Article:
knitscene Winter 2018 Lookbook
The best knitting patterns are the ones that catch you off guard. There is nothing I love more than being surprised by a design element or technique that teaches or shows me something I didn’t expect. Even simple designs can feature elements that make you look a little closer, and that’s what knitscene Winter 2018 is all about.
To be honest with you, the themes in this issue were inspired by frustration. Let’s not focus on that part, though, because what came out of it is a beautiful collection that took on a life of its own. I initially dubbed it the “Not Black & White Issue” and set out to explore the idea of using knitting to look beneath the surface and explore layers and complexities. The result is a collection of 20 gorgeous and oh-so-knittable patterns that make you do a double take.
We kick off this winter issue with the Curiosities collection, with projects that each have their own delightful little prize (our team had a fantastic time incorporating some mirror play in the photography). We shift perspective in the Chunky project story, which is about bulky-gauge knitting projects set inside an Alice in Wonderland–type world. Our third collection is the Neck & Shoulders project story, featuring cold-weather sweaters with elements that highlight those parts of the body. There are turtlenecks, cold-shoulder sweaters, and one sweater that features both (check out Allison Jane’s Celadon Raglan).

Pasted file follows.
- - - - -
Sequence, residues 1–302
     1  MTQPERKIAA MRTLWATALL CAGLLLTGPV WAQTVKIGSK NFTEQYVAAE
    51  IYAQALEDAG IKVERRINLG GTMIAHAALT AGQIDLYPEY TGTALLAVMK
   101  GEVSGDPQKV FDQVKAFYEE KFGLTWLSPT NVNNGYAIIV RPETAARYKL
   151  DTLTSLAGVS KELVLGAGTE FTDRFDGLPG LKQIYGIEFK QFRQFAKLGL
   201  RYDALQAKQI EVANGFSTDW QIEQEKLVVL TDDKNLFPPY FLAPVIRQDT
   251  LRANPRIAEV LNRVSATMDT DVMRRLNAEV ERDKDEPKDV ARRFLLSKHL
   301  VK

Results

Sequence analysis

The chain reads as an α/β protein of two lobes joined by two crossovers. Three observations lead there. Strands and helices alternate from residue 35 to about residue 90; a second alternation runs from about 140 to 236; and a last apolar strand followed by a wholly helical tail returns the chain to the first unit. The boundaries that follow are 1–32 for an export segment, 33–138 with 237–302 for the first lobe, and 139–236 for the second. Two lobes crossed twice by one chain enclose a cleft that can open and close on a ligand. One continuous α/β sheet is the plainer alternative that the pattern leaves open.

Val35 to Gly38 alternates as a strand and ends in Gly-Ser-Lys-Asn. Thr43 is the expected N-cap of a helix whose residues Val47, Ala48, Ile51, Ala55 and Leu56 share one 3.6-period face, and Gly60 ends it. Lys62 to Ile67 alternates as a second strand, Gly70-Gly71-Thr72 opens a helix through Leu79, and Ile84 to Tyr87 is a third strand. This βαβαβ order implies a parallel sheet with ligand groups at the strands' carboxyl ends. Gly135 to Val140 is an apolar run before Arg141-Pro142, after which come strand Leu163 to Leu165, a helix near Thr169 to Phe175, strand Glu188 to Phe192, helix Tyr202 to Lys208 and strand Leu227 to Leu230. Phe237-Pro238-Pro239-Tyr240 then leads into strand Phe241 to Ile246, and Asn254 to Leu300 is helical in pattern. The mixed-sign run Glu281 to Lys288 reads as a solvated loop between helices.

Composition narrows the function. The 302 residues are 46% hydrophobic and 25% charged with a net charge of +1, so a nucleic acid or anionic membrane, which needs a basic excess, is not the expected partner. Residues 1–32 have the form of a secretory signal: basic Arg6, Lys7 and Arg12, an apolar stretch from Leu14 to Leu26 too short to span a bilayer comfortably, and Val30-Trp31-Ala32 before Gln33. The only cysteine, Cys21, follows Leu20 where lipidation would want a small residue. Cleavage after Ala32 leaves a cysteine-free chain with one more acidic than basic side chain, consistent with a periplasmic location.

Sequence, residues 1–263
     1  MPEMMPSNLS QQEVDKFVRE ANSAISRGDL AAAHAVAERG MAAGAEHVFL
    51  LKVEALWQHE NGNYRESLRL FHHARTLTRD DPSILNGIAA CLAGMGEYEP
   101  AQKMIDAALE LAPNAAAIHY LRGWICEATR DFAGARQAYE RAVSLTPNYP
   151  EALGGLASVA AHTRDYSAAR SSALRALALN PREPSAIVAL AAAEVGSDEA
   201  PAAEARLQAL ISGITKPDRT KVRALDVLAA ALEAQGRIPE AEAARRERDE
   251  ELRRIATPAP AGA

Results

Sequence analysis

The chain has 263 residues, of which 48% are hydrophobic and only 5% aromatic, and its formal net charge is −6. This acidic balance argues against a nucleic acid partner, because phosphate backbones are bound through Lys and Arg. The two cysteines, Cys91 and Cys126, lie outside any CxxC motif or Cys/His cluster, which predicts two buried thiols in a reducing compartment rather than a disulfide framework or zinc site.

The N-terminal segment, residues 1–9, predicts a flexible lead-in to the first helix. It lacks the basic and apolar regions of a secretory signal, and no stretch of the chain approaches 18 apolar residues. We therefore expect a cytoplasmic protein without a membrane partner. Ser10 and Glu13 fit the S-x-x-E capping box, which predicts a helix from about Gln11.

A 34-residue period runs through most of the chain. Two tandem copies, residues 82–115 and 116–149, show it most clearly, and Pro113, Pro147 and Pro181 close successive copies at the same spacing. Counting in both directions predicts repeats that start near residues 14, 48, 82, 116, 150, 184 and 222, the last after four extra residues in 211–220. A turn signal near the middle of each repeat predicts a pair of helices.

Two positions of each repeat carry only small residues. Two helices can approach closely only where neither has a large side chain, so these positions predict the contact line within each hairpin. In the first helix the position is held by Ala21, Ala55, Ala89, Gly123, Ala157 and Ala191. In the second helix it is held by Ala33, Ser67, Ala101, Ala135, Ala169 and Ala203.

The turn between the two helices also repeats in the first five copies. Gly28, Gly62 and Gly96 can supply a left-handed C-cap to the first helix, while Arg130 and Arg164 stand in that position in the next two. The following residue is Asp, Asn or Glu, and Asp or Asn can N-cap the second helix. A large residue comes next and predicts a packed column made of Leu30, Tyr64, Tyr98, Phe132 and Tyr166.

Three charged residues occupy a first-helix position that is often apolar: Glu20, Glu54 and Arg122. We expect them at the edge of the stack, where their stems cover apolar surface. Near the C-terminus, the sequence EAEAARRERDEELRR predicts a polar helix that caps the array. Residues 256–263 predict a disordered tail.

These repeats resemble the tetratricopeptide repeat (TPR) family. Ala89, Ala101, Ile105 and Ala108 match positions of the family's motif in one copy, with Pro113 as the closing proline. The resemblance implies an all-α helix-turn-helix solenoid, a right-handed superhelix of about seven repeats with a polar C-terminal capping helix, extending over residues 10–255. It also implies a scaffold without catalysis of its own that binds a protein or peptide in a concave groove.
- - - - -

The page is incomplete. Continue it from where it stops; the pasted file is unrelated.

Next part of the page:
With sweater weather on its way, the featured technical article in this issue is about how to make the different types of arm-holes work for your body type (by Lisa Shroyer). For departments, Interweave knitting Assistant Editor Sarah Rothberg guides us through a list of books perfect for curling up with in a winter reading nook (Gear Guide); designer Krista Ann speaks with Helena from Oink Pigments about the indie dyer’s American-focused practices; and we get a sneak peek at Christina Campbell’s Project Peace initiative for 2018.
Knitting aside, I want to challenge you to look deeper and to press those around you to do the same. When you are confronted with something that makes you feel uncomfortable or is unexpected, take some moments to truly consider it. If you’re presented with a completely different perspective from one you hold, don’t immediately dismiss it. Let it simmer for a little while and turn it over in your head. And in the meantime, cast on for a project that caught you off guard.
Happy winter knitting,